27. WILLIAM LONGSTAFF
In The Great War and Modern Memory cultural historian Paul Fussell studied the literary responses by English participants to trench warfare in the Great War. He relates how writers grappled with the presence of horrific injuries, brutal carnage and unprecedented death by looking for new ways to express their feelings and states of mind. The events they were witnessing were too far outside lived experience and belied comprehension.1 While this classic text has since been criticised in some twentieth circles for being overly selective in its choice of writers, the central premise that war in the century tested our ability to find meaningful responses is something that still holds true.
Rearguard (The Spirit of the ANZAC), 1927, represents Will Longstaff’s poignant and quasi-spiritualist response to the horrors of World War One and Australia’s involvement. This monumentally scaled work was produced not long after he attended the Menin Gate Memorial in Ypres, France, on 24 July 1927 and forms part of a group of six canvases that have since become permanently etched in our collective imagination. This includes the much loved Menin Gate at Midnight (also known as Ghosts of Menin Gate), 1927, purchased for an unprecedented amount of 2000 guineas in 1928, immediately presented to the Australian government, and now on semi-permanent display at the Australian War Memorial, Canberra.
Contemporary newspaper accounts and interviews relate how the idea for this painting came to Longstaff as he walked along the Menin Road at midnight. So moved was he by the ceremony, Longstaff envisioned a rank of steel-helmeted spirits arising from the adjacent moonlit cornfields. Following his return to London he painted Menin Gate and not long after that The Rearguard (The Spirit of the ANZAC). Both works were painted quickly, reputedly each in a single session, as if the artist was entranced by the same level of psychic energy as his subjects.2
The Rearguard (The Spirit of the ANZAC) symbolises the spirit of Australian soldiers in Turkey; facing the enemy while simultaneously presiding over graves and beckoning towards warships on the horizon. The ships are depicted hull down and the symbolism of the scene is enhanced by the ghostly procession of the dead on windswept grass knolls on a bleak and misty morning.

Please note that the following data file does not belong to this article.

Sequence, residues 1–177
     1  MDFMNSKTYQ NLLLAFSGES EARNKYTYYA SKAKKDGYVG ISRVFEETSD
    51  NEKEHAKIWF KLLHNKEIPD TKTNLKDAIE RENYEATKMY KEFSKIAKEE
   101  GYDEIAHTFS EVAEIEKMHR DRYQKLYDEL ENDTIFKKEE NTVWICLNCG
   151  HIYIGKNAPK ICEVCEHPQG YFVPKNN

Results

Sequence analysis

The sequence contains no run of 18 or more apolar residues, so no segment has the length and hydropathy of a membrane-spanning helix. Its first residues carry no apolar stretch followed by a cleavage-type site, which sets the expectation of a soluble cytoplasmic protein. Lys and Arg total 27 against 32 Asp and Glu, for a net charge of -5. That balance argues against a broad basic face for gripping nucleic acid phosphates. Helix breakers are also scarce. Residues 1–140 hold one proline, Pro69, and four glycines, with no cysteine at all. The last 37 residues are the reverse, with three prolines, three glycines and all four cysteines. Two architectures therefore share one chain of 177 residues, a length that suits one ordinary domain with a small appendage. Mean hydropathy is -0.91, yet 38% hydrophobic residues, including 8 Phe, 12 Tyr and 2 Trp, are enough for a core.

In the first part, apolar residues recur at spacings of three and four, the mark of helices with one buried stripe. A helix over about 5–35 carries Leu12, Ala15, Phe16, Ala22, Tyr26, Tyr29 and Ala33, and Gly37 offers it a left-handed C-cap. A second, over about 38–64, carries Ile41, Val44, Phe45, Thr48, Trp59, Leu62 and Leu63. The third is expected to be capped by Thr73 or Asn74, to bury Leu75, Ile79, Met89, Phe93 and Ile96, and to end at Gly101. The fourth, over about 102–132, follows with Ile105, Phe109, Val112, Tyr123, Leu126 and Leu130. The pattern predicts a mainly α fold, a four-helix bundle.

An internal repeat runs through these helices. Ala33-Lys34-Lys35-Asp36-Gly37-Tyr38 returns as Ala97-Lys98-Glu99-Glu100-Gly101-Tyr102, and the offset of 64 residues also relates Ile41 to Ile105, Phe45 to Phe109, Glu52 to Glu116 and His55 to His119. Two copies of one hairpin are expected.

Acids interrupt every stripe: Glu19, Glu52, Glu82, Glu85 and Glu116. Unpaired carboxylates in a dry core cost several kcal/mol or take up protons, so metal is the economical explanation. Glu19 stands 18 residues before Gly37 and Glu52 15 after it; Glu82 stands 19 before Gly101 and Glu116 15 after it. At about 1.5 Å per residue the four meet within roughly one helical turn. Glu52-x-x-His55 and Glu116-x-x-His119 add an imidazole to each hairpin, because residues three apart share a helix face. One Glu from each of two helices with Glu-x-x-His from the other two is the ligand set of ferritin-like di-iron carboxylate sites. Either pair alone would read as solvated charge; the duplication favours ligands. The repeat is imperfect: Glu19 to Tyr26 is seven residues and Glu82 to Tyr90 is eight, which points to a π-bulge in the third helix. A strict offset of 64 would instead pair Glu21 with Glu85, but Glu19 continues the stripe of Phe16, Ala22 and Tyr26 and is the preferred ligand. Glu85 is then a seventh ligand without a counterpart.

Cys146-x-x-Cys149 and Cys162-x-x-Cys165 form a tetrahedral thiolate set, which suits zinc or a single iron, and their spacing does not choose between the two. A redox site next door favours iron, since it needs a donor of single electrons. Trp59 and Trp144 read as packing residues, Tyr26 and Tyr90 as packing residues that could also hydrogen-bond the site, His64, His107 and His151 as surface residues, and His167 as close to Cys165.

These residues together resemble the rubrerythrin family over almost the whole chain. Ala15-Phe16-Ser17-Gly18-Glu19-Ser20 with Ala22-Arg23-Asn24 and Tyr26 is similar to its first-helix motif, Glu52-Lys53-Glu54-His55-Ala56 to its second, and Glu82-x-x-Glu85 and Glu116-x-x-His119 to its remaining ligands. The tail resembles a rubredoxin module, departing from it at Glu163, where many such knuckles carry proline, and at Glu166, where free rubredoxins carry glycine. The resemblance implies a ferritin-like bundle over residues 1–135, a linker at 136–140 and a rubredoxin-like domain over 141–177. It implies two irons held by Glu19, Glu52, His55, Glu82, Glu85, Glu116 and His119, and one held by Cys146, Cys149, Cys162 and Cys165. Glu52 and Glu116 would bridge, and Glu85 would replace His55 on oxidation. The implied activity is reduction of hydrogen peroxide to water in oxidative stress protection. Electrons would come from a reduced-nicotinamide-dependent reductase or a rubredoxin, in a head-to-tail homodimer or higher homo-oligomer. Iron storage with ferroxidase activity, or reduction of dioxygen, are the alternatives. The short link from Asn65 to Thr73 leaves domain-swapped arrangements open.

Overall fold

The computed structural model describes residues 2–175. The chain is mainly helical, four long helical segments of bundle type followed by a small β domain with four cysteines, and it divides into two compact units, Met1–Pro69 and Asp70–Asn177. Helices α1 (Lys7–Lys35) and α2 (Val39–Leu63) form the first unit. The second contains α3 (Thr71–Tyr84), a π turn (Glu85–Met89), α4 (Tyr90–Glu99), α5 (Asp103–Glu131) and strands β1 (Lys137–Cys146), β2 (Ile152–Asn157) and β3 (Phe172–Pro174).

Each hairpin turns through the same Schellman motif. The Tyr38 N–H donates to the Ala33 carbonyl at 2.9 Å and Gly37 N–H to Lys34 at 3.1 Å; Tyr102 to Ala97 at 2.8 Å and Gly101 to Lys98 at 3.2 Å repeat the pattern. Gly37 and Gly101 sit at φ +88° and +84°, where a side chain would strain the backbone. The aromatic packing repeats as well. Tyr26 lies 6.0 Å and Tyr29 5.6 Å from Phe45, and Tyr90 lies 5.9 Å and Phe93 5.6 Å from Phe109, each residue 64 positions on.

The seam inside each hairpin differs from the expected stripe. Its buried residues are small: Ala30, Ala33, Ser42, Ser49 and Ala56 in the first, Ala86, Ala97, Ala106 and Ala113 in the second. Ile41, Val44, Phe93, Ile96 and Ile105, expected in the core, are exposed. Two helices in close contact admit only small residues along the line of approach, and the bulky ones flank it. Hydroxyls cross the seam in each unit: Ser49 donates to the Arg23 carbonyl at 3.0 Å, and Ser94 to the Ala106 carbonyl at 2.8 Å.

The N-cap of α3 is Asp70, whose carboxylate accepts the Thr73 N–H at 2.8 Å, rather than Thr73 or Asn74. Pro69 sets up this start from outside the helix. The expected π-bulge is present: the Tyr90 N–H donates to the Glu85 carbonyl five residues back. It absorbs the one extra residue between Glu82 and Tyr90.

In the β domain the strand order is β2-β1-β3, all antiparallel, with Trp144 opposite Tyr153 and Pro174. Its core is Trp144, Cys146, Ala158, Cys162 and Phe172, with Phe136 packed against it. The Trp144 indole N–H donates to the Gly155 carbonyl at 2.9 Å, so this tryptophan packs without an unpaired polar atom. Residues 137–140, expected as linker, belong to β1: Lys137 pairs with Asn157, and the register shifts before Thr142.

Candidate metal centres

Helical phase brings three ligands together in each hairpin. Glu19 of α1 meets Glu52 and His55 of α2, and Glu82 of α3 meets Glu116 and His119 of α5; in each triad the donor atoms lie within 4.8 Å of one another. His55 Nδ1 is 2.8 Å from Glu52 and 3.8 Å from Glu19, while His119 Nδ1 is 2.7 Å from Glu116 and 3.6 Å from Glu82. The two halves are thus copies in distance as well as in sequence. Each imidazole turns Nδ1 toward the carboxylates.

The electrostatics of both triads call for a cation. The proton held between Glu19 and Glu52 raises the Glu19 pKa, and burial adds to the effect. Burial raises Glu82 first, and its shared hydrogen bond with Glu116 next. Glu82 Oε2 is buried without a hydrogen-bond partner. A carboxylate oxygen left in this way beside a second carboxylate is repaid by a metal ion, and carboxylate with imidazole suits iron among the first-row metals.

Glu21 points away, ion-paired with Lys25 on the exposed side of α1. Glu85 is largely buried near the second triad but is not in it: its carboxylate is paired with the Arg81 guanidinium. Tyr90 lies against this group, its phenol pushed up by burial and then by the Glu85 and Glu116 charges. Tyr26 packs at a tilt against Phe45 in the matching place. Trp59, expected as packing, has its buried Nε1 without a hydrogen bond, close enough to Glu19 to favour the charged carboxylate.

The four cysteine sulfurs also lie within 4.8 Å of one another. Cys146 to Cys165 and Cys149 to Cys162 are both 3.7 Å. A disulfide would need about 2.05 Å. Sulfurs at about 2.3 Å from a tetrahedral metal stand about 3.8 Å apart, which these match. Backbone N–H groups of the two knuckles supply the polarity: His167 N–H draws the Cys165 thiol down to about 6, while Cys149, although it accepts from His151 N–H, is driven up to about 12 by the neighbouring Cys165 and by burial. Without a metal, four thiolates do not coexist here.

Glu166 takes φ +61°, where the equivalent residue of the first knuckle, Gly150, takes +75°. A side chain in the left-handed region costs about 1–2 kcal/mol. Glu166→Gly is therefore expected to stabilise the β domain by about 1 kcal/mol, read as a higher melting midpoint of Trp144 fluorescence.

Critics recognised the poignancy of the image for Australians when it was first exhibited in London at Australia House Library in March 1928; however, with its tour to Melbourne and Sydney the following year, it struck an even more responsive chord. Local audiences now saw it as a representation of our coming of age as a nation and the tragic valour displayed by our soldiers in battle. It is only then that the work gained the second part of its title.
One widely circulated account captured the pathos of the scene and its links with an emerging national pride perfectly: ‘LONDON, Wednesday. After 10 years' efforts to recapture on canvas the spirit of Gallipoli at the evacuation, Will Longstaff has completed a 9-foot picture entitled "The Rearguard", in which all the desolation, pathos and disappointment in the Dardanelles campaign is reflected. The picture shows faint streaks of a bleak dawn over Cape Helles, while rows of ghostly figures, fading as the light increases, mount guard over graves, at the same time beckoning towards the transports' hulls, low down on the horizon.’3
The linking of personal bravery and self-sacrifice was a powerful theme of WWI. It was one way that people grappled with the enormity of the conflict and the loss of their loved ones. Will Longstaff had enlisted in the Australian Imperial Force at the outbreak of war, he was wounded at Gallipoli and subsequently served as an official war artist. The war galvanised Australians by bringing them closer together. While his cousin and fellow artist Sir John Longstaff personalised his grief by painting a shadowy posthumous portrait of his son killed in action in 1916, Will Longstaff was driven to create a monumentally scaled, visionary work that conveyed a more universal sense of war and loss as a watershed in Australian history.
1. Fussell, P., The Great War and Modern Memory, Oxford University Press, New York and London, 1975
2. Conan Doyle, quoted in the Argus, 9 May 1928, p.21
3. Burnie Advocate, 9 March 1928, p.1
Rodney James BA (Hons); MA